There are many defenses to DUI that our office has successfully raised. Every case has different facts and even minor details can affect the outcome of a case, whether it be at trial or at a motion to suppress the evidence against you. For example, some people think they can talk their way out of a DUI. Don’t!
- Always be respectful and answer only those questions pertaining to your health and personal information.
- Do not give any information about your prescription medications, because even legal prescriptions could cause you to be charged with DUI.
- Do not volunteer any other information and once you are read your Miranda rights, tell the officer you do not wish to answer questions and ask for an attorney.
- Don't drive home because you only live three, four minutes away. Many clients believe they'll be Ok, but when stopped they realize that they should have chose other options and listened to their friends when they tell you that you're a sloppy mess.
Some examples of defenses include lack of proof of actual driving. Were you sleeping it off? If so, it’s possible the officers must leave you alone (so long as you let them know you are OK). Were you legally parked in a parking lot? In those cases, the officers are limited in their rights to ask you to step out of the vehicle, or opening the door without your permission.
Also, don't be fooled by some defenses that don't work, such as "pennies in your mouth," "rinsing with mouthwash," "driving to sober up," "drink lots of coffee," "chew gum or mints," among many, many other urban myths. They are just that: myths, and not only do they not only help they can often make it appear that you are more intoxicated than you actually are.
Speaking of police officers, some officers (such as some in the Tampa Police Department, for example) recently have been involved in scandals which questioned not only their reliability as witnesses, but the legitimacy of your DUI arrest. Even more recently, several officers from the St. Petersburg police and Pinellas County Sheriff's Office have been fired or suspended due to the excessive force used during DUI arrests and traffic stops. My office keeps abreast of these “bad” officers or even questionable officers, whether it be by deposition, research, or Internal Affairs issues that these officers have on their record, and which, in turn can be used against them in Court. Despite, "bad" police departments and police officers, it doesn't mean your case will be dropped. In fact, Police Departments have been sued over outrageous police conduct, for example, blowing a 0.00 with negative urine, yet the State Attorney's office often still feels the need to prosecute. This is especially important to have an attorney on your side to stop these overzealous prosecutions of innocent accused civilians.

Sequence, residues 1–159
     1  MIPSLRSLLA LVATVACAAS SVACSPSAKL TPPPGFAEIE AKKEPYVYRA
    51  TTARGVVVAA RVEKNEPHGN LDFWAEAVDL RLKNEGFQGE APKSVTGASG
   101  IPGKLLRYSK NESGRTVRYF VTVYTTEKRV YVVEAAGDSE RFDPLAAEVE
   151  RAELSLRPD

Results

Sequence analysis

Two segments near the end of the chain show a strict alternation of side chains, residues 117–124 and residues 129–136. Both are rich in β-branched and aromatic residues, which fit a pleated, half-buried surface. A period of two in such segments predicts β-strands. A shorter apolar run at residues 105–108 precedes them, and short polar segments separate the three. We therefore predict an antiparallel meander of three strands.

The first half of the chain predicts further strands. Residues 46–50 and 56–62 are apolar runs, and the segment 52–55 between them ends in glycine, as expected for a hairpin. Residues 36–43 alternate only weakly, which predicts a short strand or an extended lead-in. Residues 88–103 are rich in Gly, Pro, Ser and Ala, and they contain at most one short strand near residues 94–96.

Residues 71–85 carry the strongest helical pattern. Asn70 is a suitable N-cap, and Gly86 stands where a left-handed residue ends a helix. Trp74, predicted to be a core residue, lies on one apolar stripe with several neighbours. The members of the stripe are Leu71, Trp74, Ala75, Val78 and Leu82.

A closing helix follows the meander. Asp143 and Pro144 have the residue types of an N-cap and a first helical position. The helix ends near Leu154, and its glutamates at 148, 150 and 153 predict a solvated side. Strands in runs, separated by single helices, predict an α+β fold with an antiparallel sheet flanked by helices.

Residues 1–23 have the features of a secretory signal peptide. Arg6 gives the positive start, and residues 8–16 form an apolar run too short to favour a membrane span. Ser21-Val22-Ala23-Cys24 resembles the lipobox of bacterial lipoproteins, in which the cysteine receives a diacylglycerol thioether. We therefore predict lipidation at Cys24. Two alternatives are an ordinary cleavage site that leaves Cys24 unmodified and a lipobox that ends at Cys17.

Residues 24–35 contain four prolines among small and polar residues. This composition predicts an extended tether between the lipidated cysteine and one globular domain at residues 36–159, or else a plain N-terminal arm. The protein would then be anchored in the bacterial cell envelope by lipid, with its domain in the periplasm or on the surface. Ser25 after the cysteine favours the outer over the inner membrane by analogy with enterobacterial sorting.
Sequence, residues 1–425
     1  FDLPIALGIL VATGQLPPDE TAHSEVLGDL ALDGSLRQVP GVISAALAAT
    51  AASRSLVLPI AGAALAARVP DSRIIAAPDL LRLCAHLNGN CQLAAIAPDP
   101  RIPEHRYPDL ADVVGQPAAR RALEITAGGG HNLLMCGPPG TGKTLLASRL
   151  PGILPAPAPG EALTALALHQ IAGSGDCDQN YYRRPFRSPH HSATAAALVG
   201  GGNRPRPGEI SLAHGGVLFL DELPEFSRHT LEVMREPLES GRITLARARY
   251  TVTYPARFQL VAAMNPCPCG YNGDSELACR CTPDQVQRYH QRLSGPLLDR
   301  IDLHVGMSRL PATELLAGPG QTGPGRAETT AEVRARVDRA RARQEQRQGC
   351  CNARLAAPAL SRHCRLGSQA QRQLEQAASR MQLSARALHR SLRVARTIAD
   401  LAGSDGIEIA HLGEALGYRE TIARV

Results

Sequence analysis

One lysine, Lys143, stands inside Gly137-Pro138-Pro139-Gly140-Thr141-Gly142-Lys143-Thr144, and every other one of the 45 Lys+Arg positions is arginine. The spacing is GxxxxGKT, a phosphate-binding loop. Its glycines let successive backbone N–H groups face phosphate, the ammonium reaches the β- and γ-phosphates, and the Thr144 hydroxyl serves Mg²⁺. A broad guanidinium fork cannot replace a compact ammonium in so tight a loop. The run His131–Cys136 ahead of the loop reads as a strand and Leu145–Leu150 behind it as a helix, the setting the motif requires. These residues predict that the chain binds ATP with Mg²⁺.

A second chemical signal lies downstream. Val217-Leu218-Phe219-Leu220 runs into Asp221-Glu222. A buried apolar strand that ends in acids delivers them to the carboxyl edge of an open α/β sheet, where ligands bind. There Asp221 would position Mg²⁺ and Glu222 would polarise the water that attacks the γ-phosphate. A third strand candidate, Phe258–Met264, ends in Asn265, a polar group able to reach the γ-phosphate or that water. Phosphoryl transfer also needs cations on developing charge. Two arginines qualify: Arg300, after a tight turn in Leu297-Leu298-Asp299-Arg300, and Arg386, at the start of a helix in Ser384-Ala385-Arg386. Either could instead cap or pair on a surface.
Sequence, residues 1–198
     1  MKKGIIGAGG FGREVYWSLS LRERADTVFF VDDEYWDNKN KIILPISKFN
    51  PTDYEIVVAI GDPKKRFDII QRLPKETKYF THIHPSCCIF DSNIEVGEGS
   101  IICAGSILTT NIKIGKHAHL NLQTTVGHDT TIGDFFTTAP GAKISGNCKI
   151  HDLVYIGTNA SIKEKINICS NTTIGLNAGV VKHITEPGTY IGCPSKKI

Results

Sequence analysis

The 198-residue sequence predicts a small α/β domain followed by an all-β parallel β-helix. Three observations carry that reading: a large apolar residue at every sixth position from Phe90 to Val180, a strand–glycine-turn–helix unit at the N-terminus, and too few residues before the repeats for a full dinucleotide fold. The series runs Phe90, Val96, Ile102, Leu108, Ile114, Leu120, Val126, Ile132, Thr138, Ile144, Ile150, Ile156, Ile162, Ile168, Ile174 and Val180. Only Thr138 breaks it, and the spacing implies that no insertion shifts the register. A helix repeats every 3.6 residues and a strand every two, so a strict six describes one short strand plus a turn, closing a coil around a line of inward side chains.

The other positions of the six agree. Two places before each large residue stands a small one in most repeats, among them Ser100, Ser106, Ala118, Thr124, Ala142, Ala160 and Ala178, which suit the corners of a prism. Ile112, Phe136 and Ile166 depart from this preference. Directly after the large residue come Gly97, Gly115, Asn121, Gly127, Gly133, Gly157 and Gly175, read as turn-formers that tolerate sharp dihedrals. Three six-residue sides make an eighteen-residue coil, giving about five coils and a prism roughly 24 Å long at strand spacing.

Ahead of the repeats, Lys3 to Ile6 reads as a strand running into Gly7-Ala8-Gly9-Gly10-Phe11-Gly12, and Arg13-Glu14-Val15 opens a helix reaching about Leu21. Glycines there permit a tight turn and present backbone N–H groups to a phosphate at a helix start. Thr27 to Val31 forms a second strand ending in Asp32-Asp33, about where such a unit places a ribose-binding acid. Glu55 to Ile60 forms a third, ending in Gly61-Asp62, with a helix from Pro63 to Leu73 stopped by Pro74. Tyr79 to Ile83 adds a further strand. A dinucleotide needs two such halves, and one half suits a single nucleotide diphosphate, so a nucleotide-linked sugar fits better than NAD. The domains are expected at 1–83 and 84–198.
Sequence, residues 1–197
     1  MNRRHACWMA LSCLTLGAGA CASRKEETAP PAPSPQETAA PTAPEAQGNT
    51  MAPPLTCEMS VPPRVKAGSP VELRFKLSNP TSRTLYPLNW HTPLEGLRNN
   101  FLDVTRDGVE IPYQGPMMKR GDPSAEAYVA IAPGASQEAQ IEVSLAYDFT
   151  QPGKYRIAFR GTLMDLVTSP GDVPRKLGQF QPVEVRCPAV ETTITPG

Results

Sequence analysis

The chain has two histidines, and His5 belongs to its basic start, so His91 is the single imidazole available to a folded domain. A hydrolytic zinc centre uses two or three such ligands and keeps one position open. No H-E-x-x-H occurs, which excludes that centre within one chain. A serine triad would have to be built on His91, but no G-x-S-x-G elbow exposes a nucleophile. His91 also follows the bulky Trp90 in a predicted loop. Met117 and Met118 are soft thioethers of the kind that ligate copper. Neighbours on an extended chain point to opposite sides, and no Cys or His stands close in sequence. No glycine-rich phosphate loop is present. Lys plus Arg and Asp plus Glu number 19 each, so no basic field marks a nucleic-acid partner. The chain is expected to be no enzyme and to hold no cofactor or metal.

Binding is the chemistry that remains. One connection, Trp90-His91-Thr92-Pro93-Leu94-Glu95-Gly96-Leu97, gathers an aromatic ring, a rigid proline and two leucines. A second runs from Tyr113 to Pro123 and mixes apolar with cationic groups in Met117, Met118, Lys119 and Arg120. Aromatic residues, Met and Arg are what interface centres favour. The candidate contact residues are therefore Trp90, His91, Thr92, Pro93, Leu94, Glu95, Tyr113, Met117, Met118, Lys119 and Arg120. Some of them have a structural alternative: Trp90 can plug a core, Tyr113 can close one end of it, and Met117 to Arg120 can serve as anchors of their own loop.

Did you blow into the Intoxilyzer machine? If you did and you have what appears to be high levels of blood/breath alcohol content (BAC) that are not commensurate with what you believe to be your actual level of intoxication, or lack thereof, then the machine may be not working properly. The machines can be affected by Radio Frequency Interference (RFI) from cell phones or police radios, ambient temperature, cigarette smoke, or even dirt. Furthermore, those that work with chemicals, such as some paints, thinners, or contact cement, have sometimes given positive results even though had nothing to drink. This all means that in some cases, the breath test results can be thrown out.
One other note is in regards to what were you driving at the time the police charged one with a DUI? Many people think that you can only get one in a car, which is incorrect. However, the DUI statute defines a vehicle as practically anything that moves within your control. This means you can get a DUI for driving a bicycle, a golf cart, a lawn mower, and even recently a Segway. With that said, the police often charge a person in situations where they shouldn't and when not in a motor vehicle, I have been able to use various defenses to DUI to get lesser charges, or convince a jury that the case should be thrown out.
I have fought many of these issues and used them to get better deals or dismissals. The above examples are just a few of many to raise and can only be explored by a knowledgeable and experienced attorney.